Today, Del Grande has about $5,000 of his original money left.

"It's been pretty much of a nightmare," he said.

Del Grande's lawyer, Debra Speyer, a Center City lawyer who represents investors, said the mix of technology stocks and heavy margin debt was clearly inappropriate.

Del Grande had listed his risk tolerance as moderate on account statements.

Speyer said many of the cases she was seeing involved young, relatively inexperienced brokers who might not have understood the risks they were creating for their clients. The bull market of the 1990s pushed the number of brokers up 86 percent, to 775,000, during the decade, according to the Securities Industry Association. Many of these brokers had probably never lived through a bear market, Speyer said. Brokerage firms must supervise all brokers' activity, but some may have looked the other way because huge sums of money were involved.

"These firms were making millions and millions of dollars," Speyer said. "I don't necessarily blame the stock brokers for pushing these stocks. They were told by their firms to push these stocks. You have to look at the entire industry, and not just the brokers."

The pressure was pervasive. On television, financial news shows in the late 1990s were reporting astounding gains on stocks by the minute. Some clients pushed their brokers to deliver the big profits they were hearing about. Some brokers undoubtedly saved customers from bad decisions.

"To be fair, brokers faced a lot of pressure because they would hear clients say, 'Why am I not in AOL, why am I not in Cisco, why am I not in EBay?' The really competent broker would say, 'Because it will go down as fast as it goes up,' " said James Eccleston, a Chicago lawyer who handles investor claims against brokers.

Lawyers for investors and brokers agree that many complaints arise because investors don't understand what they are signing. Brokers often fill out new-account forms based on an interview with the client over the phone. Then, when problems occur, clients are sometimes surprised to find that their account forms list them as a "speculative" or "aggressive" investor.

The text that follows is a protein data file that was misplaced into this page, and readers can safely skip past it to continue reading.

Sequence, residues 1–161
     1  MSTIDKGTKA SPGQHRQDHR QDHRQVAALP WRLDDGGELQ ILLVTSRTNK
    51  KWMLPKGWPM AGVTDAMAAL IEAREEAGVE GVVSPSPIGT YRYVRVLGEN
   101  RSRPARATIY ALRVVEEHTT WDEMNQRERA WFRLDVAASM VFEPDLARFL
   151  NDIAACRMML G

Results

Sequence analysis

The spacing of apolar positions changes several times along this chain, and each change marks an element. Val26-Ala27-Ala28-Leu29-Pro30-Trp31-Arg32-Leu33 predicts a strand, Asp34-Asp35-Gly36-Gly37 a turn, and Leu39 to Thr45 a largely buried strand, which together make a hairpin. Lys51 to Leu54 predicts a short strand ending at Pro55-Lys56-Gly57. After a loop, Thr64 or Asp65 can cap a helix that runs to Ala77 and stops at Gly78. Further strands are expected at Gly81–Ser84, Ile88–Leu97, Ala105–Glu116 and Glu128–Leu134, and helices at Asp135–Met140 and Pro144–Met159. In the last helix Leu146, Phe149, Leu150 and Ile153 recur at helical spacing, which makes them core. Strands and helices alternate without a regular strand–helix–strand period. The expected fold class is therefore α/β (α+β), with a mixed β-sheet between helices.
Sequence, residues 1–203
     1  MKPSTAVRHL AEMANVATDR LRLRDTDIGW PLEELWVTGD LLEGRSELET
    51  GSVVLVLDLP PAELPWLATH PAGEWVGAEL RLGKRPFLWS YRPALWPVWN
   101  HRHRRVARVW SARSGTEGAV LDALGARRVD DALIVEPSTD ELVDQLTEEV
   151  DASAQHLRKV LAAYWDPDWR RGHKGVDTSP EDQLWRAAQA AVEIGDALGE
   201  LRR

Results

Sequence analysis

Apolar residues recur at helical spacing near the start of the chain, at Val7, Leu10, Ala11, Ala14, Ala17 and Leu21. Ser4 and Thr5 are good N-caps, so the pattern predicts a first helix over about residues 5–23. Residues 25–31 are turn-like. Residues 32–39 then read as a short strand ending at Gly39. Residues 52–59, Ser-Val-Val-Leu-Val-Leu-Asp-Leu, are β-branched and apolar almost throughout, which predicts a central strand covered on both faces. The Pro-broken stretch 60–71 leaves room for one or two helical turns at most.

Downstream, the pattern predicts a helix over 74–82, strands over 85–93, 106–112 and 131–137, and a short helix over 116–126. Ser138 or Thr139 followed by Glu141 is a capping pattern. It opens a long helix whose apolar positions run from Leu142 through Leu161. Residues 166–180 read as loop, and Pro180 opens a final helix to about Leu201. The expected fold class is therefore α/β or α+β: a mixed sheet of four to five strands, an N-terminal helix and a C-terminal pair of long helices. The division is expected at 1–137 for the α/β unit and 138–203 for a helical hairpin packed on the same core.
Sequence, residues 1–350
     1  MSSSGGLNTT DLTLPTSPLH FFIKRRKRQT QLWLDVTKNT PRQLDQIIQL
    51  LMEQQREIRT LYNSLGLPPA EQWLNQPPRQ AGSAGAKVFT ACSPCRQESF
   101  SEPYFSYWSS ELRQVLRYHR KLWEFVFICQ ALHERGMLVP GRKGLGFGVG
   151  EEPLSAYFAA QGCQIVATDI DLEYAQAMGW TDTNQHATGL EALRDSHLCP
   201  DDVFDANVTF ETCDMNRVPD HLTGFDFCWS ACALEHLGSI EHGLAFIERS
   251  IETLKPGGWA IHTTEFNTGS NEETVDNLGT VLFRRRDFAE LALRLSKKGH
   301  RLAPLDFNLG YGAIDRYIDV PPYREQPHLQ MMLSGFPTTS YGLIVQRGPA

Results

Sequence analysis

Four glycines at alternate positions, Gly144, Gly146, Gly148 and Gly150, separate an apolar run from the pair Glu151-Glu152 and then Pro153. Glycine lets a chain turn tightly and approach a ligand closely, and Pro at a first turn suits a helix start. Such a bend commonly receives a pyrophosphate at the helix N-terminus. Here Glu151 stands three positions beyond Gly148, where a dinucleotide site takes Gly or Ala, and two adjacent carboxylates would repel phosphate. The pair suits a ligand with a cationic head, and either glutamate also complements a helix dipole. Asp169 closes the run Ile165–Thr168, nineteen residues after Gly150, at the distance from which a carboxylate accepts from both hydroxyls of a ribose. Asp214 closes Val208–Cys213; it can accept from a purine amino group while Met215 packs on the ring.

Many investors also assume their broker knows what he or she is doing.

Richard Justice, who lives in the suburbs of Chicago, said he invested heavily in the technology sector because his broker at Edward D. Jones & Co. said technology companies were unstoppable.

"I took his advice and fell on my face," said Justice, who said he lost about $40,000.

Edward Jones declined comment.

Understanding the risks of margin can be another problem. Donna and Emil Maternia of Gladwyne say they lost $56,000, about half of their original investment, in part because their broker at First Union Securities put them on margin in technology stocks without their knowledge. On the account form they signed, they had to check a box if they did not want to use margin. Not understanding the importance of the box, they did not check it.

"I swear I never heard of margin," Emil Maternia, 42, said. First Union spokesman Tony Materra said he could not comment on the case. The Maternias' broker left First Union in April.

Bruce Lewitas, who is handling the claim for First Union, would not comment on the case. In his written response to the claim, however, Lewitas argues that the investments were suitable because the Maternias were experienced investors. Lewitas' response also says that Emil Maternia directed his broker to trade frequently and that the couple knew about the margin account.

The Maternias deny those assertions. The case is headed for arbitration.

It is clear that margin caused problems for many investors. Margin debt hit a high of $299 billion in March of last year. As those figures grew, so did investor complaints.

Margin calls accounted for just 35 arbitration cases in 1997, according to the NASD. That number soared to 284 in all of 2000 and 209 in the first six months of this year.

In April the NASD and the Securities and Exchange Commission issued new guidelines requiring brokers to better disclose the risks of margin. Among the requirements: that customers be told in writing that margin can cause them to lose more than the value of their accounts and that their broker can sell their securities without their permission to meet a margin call.

Many people hire a broker because they want someone else to make financial decisions for them, but investors must educate themselves even if they hire a professional, said Susan Wyderko, director of the Office of Investor Education at the SEC.

She recommends that clients interview potential brokers and ask such questions as: "What are your investment objectives?" and "How much experience have you had with customers such as me?" Investors also should read brokerage statements regularly and make sure they understand them.

"We believe strongly here that an educated investor is absolutely the best defense against all kinds of problems," she said.